Ultimately, the reporting system and agile analytics model they developed laid the groundwork that allowed scientists to understand the COVID-19 virus more quickly a decade later — a feat Mack also played a significant role in. In fact, her real-world research with both the National Football League (NFL) and National Basketball Association (NBA) led to pivotal discoveries about COVID-19 transmission, mitigation and vaccine effectiveness.
For instance, early in the pandemic a study conducted with the NFL led to a revised understanding of what constituted a high-risk exposure to the virus based on masking and length of contact. Later, in 2021, insights from the NBA transmission data revealed that initial vaccine booster shots were effective in protecting against incident infection.
Because professional sports teams continued to play throughout the pandemic, they proved to be perfect test pools to draw high-quality longitudinal data for research into the virus. Data collected in these studies also emphasized how RWD — collected from patient health records, mobile devices and elsewhere — could be utilized to supplement traditional trial data.
“What happened with COVID, and especially in the sport setting, is that we were forced to do real public health in a way that we really hadn’t been forced to do in a long time,” Mack said. “Because the sports organizations invested so much into the testing, and the genomic sequencing, and the clinical management of the cases and the recording of that data, we had follow-up on the patients.”
Moving forward, she believes lessons learned and structures developed from those studies could further transform future epidemiology research.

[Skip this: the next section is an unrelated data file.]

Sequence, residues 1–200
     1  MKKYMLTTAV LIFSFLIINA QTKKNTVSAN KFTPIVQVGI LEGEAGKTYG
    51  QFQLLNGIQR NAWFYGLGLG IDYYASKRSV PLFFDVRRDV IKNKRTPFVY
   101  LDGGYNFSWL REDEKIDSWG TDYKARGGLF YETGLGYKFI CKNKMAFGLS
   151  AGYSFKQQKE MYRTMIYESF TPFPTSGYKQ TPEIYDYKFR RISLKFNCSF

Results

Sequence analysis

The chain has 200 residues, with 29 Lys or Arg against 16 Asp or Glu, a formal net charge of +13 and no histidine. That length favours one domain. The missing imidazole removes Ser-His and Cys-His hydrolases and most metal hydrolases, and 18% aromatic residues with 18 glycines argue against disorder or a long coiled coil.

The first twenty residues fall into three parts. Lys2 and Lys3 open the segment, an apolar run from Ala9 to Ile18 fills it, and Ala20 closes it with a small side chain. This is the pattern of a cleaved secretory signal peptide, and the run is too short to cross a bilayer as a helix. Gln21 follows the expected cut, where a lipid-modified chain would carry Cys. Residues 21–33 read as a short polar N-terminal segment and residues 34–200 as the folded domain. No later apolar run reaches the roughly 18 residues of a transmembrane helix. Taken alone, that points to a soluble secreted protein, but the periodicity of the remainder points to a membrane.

“When I look forward into the future, and at what we’ve done in the past few years, what gets me really excited is that we have data out there on the population, and we have data out there about our patients, and we can understand them really well,” Mack said.
In a recent report, McKinsey and Co. estimated that between now and 2027, the top 20 pharmaceutical companies could pocket over $300 million a year by adopting RWD tactics. This, in addition to an increased variety of data sources and improved analysis technology could make this the ideal moment for RWD, and Mack argues the industry needs to be ready to fully embrace it.
“There is no doubt that real-world evidence has a critical role in telling us how to make populations and patients healthier and serve patients better,” Mack said. “What we need to figure out is: How do we harness these data in a way that furthers our knowledge?”
One of the areas she sees the greatest potential for use of RWD is in rare disease trials, with small patient populations often scattered across the globe.
“We are on the cusp of being able to break through and learn in a more relevant way than we (have) before.”
Chief scientific officer, real-world solutions, IQVIA
“We cannot put all of those patients through clinical trials to learn everything that we need to learn about them,” Mack notes, arguing that collecting health record data from these patients could provide an easier, and potentially more cost-effective way to supplement trials.
It also could be used to better understand older patients with comorbidities, who are often excluded from clinical trial data, she said. And her team at IQVIA is also looking into better ways of using electronic clinical outcome assessments — reports directly from patients, physicians or caregivers — to collect information on the patient experience.
“I think of it as giving the patient a microphone in a way that you’re not going to get from a trial endpoint,” Mack said. “It’s a place where we can give a lot of value to patients that we haven’t seen before.”
As these possibilities presented by RWD blossom, she credits the growth of new research tactics to the convergence of fields that, not too long ago, people thought were considered disconnected. No longer the only girl in her computer science class, but now one of the only woman in the locker room, Mack is excited about the road ahead in healthcare technology.
“We are on the cusp of being able to break through and learn in a more relevant way than we (have) before,” she said. “The recognition is there, the technology is there, and the data is there. And what’s exciting right now is that it really is moving forward.”